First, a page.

Little wonder that Tom Sawyer, Huckleberry Finn, Becky Thatcher, Aunt Polly and Injun Joe have been elevated to the status of icons of American literature and culture.
Who among us, as playful children, did not scramble over a fallen down tree pretending to be swashbuckling captains of an English privateer scanning the Spanish Main for easy pirate loot? Who among us does not recall the first embarrassing onset of puppy love for a young girl in our class and the steadfast internal decision to not let our young male friends know about any such foolish feelings? Who among us does not recall playing hookey for a day, laying in a sunlit field staring at the moving clouds with a blade of grass between our teeth? Who among us does not recall running away from the yoke of parental supervision and realizing, probably within the hour, how lonely and frightened we really were? Who among us does not recall swearing blood oaths of eternal friendship with our closest mates and swearing to keep secrets even under pain of the direst torture? Who among us cannot recall the trepidation and almost overwhelming fear of overhearing an adult conversation to which we were not supposed to be privy? Who among us does not recall ever escalating games of "dare ya!" and "double dare ya!"?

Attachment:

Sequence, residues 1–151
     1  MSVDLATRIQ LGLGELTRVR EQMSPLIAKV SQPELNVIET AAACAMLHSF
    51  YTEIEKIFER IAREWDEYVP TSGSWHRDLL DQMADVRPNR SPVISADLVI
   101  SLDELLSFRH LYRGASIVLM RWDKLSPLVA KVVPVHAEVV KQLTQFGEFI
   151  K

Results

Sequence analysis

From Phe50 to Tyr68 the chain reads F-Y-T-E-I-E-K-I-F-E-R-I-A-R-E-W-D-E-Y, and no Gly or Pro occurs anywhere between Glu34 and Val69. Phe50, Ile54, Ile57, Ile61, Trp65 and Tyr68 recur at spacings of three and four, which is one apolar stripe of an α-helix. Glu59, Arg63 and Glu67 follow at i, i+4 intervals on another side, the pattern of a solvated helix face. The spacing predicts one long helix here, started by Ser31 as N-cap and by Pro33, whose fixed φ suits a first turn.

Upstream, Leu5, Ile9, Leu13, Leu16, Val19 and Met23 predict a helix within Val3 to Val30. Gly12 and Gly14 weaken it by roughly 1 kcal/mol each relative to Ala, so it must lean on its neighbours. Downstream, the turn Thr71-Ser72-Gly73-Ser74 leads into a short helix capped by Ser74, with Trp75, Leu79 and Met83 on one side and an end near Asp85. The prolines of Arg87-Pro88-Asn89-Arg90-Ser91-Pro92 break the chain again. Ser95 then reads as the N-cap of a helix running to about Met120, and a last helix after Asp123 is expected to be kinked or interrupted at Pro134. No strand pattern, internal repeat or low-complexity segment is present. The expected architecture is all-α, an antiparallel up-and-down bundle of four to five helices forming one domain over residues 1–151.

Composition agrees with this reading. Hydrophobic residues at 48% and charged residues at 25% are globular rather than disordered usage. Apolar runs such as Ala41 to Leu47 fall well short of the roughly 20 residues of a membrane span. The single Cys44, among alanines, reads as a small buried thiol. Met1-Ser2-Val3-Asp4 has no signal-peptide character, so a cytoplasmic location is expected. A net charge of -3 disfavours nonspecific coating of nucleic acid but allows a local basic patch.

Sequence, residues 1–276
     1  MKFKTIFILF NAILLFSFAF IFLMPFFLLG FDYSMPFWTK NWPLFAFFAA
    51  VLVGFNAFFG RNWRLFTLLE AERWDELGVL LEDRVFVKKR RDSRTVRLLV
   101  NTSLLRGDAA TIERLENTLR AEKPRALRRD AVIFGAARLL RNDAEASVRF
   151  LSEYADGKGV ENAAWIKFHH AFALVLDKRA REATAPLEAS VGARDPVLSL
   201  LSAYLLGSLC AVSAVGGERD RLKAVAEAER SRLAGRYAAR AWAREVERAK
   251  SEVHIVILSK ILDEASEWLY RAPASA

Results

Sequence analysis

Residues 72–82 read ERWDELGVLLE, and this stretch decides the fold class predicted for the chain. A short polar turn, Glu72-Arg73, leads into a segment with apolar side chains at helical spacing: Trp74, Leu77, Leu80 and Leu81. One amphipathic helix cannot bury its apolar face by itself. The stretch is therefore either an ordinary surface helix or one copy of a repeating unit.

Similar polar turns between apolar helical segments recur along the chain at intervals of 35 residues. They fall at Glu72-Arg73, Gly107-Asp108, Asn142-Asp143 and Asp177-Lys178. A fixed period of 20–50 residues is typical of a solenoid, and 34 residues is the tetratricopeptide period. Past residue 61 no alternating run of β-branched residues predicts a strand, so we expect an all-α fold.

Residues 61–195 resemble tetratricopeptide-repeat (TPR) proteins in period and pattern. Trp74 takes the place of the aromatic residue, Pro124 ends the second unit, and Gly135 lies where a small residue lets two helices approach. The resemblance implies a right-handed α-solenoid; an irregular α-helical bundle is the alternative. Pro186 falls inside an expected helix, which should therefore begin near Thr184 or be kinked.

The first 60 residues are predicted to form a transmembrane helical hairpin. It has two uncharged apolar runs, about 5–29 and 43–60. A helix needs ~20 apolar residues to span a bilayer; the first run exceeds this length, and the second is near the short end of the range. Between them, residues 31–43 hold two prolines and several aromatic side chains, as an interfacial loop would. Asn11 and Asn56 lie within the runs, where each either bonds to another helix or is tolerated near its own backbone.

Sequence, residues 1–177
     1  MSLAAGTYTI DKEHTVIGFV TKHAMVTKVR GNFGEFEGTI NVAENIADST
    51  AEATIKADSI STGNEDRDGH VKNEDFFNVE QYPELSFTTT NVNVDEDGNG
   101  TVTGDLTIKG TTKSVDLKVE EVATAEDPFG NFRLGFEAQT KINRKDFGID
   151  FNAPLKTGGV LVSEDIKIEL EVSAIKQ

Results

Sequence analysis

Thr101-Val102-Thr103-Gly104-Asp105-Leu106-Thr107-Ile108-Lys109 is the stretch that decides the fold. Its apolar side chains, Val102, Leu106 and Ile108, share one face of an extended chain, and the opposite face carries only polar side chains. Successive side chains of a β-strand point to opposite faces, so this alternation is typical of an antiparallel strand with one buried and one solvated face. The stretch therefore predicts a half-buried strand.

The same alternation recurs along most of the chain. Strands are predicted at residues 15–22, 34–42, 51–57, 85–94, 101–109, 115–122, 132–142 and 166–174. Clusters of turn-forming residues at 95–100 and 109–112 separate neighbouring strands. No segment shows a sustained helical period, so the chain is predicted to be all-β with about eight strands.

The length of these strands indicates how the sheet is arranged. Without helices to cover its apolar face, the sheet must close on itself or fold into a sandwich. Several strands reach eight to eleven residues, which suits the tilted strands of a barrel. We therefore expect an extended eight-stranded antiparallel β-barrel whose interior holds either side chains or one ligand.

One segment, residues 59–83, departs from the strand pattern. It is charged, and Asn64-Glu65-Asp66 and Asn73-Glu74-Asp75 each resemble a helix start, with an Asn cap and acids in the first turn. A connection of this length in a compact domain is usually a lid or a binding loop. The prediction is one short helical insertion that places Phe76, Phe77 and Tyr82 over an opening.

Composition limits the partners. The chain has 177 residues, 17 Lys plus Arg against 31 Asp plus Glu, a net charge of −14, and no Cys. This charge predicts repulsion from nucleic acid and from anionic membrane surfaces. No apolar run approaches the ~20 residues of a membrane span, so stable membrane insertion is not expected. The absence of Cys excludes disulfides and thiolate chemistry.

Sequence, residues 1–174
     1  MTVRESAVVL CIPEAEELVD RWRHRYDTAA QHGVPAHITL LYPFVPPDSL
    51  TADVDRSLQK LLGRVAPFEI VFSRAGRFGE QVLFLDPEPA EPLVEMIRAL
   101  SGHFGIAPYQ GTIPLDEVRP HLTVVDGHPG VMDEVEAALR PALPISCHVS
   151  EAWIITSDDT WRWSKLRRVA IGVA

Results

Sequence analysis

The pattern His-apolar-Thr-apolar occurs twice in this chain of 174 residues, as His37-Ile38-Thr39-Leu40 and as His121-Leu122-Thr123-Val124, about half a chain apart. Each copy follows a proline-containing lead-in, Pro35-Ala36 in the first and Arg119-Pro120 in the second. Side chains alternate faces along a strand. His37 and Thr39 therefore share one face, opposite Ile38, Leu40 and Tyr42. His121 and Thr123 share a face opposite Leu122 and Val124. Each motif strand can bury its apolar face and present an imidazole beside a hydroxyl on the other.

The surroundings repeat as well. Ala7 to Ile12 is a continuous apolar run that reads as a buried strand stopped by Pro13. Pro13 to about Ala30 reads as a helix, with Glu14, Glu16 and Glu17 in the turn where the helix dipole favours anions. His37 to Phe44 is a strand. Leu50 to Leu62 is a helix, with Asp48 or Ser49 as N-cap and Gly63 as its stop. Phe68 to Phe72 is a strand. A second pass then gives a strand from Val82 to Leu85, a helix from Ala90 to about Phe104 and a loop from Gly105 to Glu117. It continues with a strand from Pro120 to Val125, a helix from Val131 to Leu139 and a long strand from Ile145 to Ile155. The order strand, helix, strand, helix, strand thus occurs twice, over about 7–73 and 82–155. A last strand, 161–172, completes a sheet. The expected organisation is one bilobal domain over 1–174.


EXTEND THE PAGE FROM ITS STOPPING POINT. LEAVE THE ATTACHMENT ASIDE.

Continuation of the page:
While we all can recall, in some distant sadly fogged fashion what we experienced when we were children, only a master wordsmith such as Mark Twain could place us right back inside the mind of a young boy and so brilliantly re-create the charm and delight that was boyhood in frontier North America! No ... never mind that! "The Adventures of Tom Sawyer" was set in frontier North America but there are some things that are timeless and universal. The experience of boyhood is one of them.
If, like me, you are one of those deprived, unfortunate few who somehow went through school without experiencing the joys of "The Adventures of Tom Sawyer", I cannot suggest strongly enough that you rectify that oversight at the earliest possible moment. Highly recommended. If you only read it as a child, you owe it to yourself as an adult to re-read it and experience the joy again from an entirely different perspective.
Little wonder that Tom Sawyer, Huckleberry Finn, Becky Thatcher, Aunt Polly and Injun Joe have been elevated to the status of icons of American literature and culture. If you only read it as a child, you owe it to yourself as an adult to re-read it and experience the joy again from an entirely different perspective.
Lookig at the injustices of slavery through the eyes of a white child give you a fresh perspective on the goings in America during this period of history. The inhumane treatment of slaves is counterbalanced by Tom's innocence and humor.
Somehow Mark Twain managed to get inside a young boy's head! He reminds us what it was like to be a young boy in North America in a very timeless way. Even if you read Tom Sawyer as a youngster, it's well worth a re-read to remind ourselves as busy adults what the breathless joy and adventure of childhood was all about